Looking after ‘My Future Self’ is introduced, for perhaps for the first-time students realising that they have to find a place on this planet called Earth where they can flourish and enjoy life without the safety net of parents.

year 10 careers entitlement

Year 10 begins with a full day of Induction focused on strategies for exam success and further developing the ‘Soft Employability Skills’ needed in the workplace, such as teambuilding, communication and leadership skills.  All of which plays a part in the preparations for the two weeks’ work experience placements students will complete in the Spring Term.  We have had some amazing placements with some very prestigious companies such as: The London School of Medicine and Dentistry, The Lord Mayor’s Office, Commerzbank, Network Rail South East, the House of Commons and the Intercontinental Hotel at the 02.

Students will be selected to attend one of the largest careers fairs in England, held at the ExCel Centre in London.

year 11 careers entitlement

Every pupil in Year 11 has a personal one to one interview with an impartial, external careers advisor. This is currently Julie Edwin who is from Prospects Shaw Trust. Students attend a Post 16 Progression Fair delivered by Royal Borough of Greenwich and most student will have applied for a Sixth Form before the end of the first term (Christmas  Break), as many of the specialist Post 16 courses are filled before then.

At the end of Year 11, students will have produced a record of achievement – a portfolio of their performance, success and experiences. This demonstrates, for all to see, their level academically, socially, spiritually and emotionally. Students will have produced a Curriculum Vitae, a personal statement and a Post 16 Action Plan. As well as provide examples of work which will highlight their key skills.  In addition, Year 11 students will be offered the opportunity to visit a university and attend university masterclasses.

During this time students are also working towards Exams and their targeted grades. They will be looking at the various careers pathways that are realistically available to them and how to access these opportunities.

The Poly Sixth Form also opens their doors to Year 11 students at the end of the summer term for a whole week of A Level lessons and other 6th form experiences.

Extra Curricular
  1. Theatre Groups are used to give students all important information in a fun and engaging way.  We specifically use them for Year 9 options, introducing Work Experience and interview skills.
  2. STEM Workshops:  A student who is good at ‘Science, Technology, Engineering and Mathematics’ are highly desires by employers. Which is why company’s such as Workshop Open City are happy to run design and architecture workshops every year here at The Poly. Berkeley Group Construction also have a long running relationship with the Poly, students visiting sites seeing just foundations to million pound properties.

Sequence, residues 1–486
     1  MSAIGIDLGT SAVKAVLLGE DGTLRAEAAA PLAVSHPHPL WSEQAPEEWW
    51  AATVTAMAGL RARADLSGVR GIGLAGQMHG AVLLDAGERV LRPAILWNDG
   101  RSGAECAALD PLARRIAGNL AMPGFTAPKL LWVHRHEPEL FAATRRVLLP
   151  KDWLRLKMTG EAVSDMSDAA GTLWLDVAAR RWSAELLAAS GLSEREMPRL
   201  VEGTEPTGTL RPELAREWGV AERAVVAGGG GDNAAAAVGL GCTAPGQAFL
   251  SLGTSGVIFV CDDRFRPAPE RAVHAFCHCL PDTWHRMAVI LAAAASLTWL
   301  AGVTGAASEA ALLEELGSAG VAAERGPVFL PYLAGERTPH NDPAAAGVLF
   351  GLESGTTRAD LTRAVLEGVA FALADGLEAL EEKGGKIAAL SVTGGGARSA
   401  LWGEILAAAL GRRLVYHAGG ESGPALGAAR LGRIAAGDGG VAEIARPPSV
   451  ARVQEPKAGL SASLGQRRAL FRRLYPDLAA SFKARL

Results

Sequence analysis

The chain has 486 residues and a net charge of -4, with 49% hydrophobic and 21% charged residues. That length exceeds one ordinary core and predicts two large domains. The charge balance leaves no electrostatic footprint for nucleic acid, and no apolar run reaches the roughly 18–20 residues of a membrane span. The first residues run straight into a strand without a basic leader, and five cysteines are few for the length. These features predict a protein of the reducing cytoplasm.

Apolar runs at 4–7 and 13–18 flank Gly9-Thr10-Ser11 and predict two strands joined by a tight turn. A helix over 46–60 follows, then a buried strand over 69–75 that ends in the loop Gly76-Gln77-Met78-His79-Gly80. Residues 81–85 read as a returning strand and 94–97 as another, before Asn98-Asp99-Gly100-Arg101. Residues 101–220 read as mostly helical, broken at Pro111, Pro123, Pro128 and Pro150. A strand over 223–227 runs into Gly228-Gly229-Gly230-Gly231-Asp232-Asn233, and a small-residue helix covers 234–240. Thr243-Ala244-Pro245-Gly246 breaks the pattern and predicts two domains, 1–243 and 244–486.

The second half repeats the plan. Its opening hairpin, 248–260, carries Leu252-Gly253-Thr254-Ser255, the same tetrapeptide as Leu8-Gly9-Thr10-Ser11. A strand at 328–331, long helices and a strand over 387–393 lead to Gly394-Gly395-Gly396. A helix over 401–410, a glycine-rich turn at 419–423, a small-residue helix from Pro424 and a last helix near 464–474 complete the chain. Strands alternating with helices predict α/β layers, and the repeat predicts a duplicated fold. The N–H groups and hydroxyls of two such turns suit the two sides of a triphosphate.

3. Careers Fairs:  On the calendar is visiting the careers Fair at Excel ‘Skills London The UK’s Largest Job and Careers event.
    The Poly also holds 2 careers fairs on site one at the Boys Schools and our students have access to the Girls School Careers Fair.
  4. Careers trips:  A number of opportunities will arise throughout each academic year to participate in educational visits linked to careers and further or higher education.  For example, some students have visited a construction site to look at the different stages of construction and the different types of jobs from civil engineering to Site Health and Safety.  Other students have attended Barclays Bank in Central London to attend a leadership skills and presentation skills workshop delivered by professional from the bank.  The prestigious stage school, Rose Bruford worked with some students on how to work a theatre lighting rig, as well as how to design theatrical lighting effects.  Some students were lucky enough to spend time with an Artificial Intelligence Scientist from Imperial College. 

Careers Policies are included on the Schools Website Policy page in accordance to the Gatsby Benchmarks

Virtual Careers Library
How do we evaluate?

Woolwich Poly works towards achieving the Gatsby Benchmarks, is evaluated using the online Compass tool. This is carried out on an annual basis by the Careers Leader. The CEIAG development plan is based upon the outcomes of the Compass audit.

Provision is monitored through regular feedback from students, parents/carers, staff, governors and employers. This feedback is collected after each event throughout the year and is recorded on an evaluation report. This is analysed by the Careers Leader and necessary improvements are put in place for the next academic year. Key action points are also included in the annual CEIAG development plan where required.

The effectiveness of our careers guidance will be reflected in all students progressing to positive Post 16 and 18 destinations (e.g. apprenticeships including degree apprenticeships, technical courses, sixth form colleges, further education colleges, GAP year or employment. Destination data is used to assess how successfully students make the transition into the next stage of education or training, or into employment and to inform future CEIAG provision. This is analysed by the Careers Leader with key trends and actions fed back to SLT and Governors. A designated governor has responsibility for overseeing the quality of careers guidance.

The CEIAG policy is reviewed on an annual basis by the Careers Leader along with the Head Teacher and Governors.